Vinclozolin is a less widespread foe. In the US its use is approved only for canola crops and residual levels are permitted only in canola, livestock that have been fed canola, and wine grapes. However, vinclozolin has historically been used in the US to treat berries, lettuce, and wine grapes; different countries have different regulations against it; and a significant amount of North American produce is imported and residues may persist. Vinclozolin and its metabolites can have carcinogenic and antiandrogenic effects, where androgens are the male steroid hormones such as testosterone. This can affect development and function of sex organs and hormone systems, fertility, as well as circulating levels of sex hormones. In studies of mice, vinclozolin was able to bind to receptors, leading to masculinization of females and feminization of males. Furthermore vinclozolin shows transgenerational effects: the offspring of mothers exposed to vinclozolin can show physical damage (aside from poor organ development) and behavioural abnormalities.

Finally thiabendazole. Thiabendazole is approved for use in a variety of crops in a variety of methods: as a pre-planting treatment for soybean, wheat, and sweet potatoes; on growing mushrooms; and as a post-harvest dip or spray for citrus, apples, pears, bananas, mangos, papaya, plantain, carrots, avocados, peas, and potatoes. This spray is typically applied at the same time as wax coating of the produce occurs. It is approved in the US but not in the EU, Australia, or New Zealand. In animal studies, thiabendazole is carcinogenic and damaging to normal liver and thyroid function. Thiabendazole is assessed as safe to humans at the levels expected from a typical diet (and residue levels are, as a standard, restricted to levels well below those which cause negative effects in studies). However thiabendazole may be present not only in the aforementioned crops but also flour, rice, meat, meat byproducts, milk, poultry, and eggs.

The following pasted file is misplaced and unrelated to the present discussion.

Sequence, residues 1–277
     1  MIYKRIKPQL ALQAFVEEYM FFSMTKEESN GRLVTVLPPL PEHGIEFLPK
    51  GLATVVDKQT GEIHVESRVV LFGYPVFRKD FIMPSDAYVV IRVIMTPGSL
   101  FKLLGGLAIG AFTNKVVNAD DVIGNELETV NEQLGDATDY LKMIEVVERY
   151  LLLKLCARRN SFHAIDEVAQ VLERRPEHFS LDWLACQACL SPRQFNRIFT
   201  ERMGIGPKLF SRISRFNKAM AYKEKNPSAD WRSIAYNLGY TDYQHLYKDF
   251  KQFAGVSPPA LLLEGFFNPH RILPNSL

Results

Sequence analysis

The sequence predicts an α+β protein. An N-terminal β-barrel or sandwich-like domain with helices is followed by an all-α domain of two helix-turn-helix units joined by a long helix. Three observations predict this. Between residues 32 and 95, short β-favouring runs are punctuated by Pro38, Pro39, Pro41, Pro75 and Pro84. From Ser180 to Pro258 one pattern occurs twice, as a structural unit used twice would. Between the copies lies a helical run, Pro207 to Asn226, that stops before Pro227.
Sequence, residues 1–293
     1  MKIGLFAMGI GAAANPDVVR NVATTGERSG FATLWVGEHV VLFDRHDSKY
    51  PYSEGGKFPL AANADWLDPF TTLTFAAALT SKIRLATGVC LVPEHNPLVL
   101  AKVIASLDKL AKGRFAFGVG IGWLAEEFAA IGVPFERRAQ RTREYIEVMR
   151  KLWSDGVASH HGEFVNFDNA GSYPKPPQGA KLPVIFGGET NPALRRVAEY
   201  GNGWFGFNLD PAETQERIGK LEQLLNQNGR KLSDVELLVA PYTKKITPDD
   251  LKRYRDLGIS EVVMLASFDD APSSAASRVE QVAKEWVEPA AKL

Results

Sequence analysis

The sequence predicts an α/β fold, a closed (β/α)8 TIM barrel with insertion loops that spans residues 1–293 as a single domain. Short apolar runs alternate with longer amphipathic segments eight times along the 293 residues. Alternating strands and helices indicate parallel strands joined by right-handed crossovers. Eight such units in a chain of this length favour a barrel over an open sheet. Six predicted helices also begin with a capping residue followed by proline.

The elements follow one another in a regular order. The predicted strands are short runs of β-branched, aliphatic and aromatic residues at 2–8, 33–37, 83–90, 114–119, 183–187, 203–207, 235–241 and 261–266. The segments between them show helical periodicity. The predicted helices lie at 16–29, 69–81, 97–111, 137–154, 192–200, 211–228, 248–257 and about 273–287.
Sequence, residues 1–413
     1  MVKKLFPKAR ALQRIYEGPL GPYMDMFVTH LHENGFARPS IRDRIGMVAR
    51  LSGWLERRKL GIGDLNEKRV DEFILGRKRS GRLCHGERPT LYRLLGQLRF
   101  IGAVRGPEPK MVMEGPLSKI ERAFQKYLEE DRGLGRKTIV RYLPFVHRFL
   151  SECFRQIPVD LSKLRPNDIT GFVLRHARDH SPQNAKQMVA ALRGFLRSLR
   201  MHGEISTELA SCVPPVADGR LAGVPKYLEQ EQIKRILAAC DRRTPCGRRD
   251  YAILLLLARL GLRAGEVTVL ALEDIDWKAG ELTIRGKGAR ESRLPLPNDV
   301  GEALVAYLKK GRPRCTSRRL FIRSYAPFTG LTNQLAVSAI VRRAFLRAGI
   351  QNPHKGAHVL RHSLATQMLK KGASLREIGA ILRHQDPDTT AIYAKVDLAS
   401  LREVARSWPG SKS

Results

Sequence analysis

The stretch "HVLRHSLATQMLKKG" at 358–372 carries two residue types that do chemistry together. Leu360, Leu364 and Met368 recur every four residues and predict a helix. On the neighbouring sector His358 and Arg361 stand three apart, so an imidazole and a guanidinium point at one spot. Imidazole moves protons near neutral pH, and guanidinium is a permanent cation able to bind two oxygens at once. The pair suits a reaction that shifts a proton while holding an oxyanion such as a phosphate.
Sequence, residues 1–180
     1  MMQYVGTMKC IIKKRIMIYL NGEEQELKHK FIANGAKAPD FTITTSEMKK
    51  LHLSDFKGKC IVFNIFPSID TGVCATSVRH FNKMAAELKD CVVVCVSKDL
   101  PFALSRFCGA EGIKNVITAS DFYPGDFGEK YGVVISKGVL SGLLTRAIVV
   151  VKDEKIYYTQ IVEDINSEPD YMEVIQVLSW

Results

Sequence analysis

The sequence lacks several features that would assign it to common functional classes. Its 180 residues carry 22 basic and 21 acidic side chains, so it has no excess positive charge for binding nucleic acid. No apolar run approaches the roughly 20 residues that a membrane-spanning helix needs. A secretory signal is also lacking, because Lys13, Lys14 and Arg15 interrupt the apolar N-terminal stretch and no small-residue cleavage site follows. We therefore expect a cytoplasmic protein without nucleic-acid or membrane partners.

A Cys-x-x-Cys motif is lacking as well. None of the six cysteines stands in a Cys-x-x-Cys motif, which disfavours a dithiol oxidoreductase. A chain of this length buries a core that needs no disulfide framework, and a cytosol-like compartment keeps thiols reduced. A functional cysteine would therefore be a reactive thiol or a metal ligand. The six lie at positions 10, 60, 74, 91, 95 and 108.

So what is there to do? Fungicide residues are extremely difficult to avoid, as they can persist in soil and water. Organic produce and crops do not permit use of synthetic fungicides, and so are a good place to start. Shopping at local Farmers’ Markets offers the chance to ask the grower how they raise their crops and livestock. Choosing unwaxed produce and peeling fruits and vegetables can avoid some residues. Beyond that, staying informed and advocating, as is your right as a consumer, for greater safety evaluation and regulation of these compounds’ presence in your food.

Journal of Applied Toxicology
Informa Healthcare

European Food Safety Authority
General and Comparative Endocrinology
Nature Reviews: Endocrinology
Critical Review in Toxicology

Food Standards Agency
Australian Government ComLaw

Talking Trans Fats